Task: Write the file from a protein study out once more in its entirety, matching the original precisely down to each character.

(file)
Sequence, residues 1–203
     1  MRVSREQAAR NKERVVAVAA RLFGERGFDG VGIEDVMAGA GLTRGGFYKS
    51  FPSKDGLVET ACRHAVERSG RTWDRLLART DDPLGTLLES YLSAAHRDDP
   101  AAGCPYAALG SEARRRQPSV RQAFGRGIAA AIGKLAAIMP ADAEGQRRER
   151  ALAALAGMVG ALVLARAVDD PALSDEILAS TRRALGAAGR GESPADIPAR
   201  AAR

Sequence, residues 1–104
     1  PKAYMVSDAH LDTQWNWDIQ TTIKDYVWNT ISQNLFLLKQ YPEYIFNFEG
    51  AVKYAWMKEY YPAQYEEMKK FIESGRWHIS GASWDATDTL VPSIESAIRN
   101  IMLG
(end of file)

Sequence, residues 1–203
     1  MRVSREQAAR NKERVVAVAA RLFGERGFDG VGIEDVMAGA GLTRGGFYKS
    51  FPSKDGLVET ACRHAVERSG RTWDRLLART DDPLGTLLES YLSAAHRDDP
   101  AAGCPYAALG SEARRRQPSV RQAFGRGIAA AIGKLAAIMP ADAEGQRRER
   151  ALAALAGMVG ALVLARAVDD PALSDEILAS TRRALGAAGR GESPADIPAR
   201  AAR

Sequence, residues 1–104
     1  PKAYMVSDAH LDTQWNWDIQ TTIKDYVWNT ISQNLFLLKQ YPEYIFNFEG
    51  AVKYAWMKEY YPAQYEEMKK FIESGRWHIS GASWDATDTL VPSIESAIRN
   101  IMLG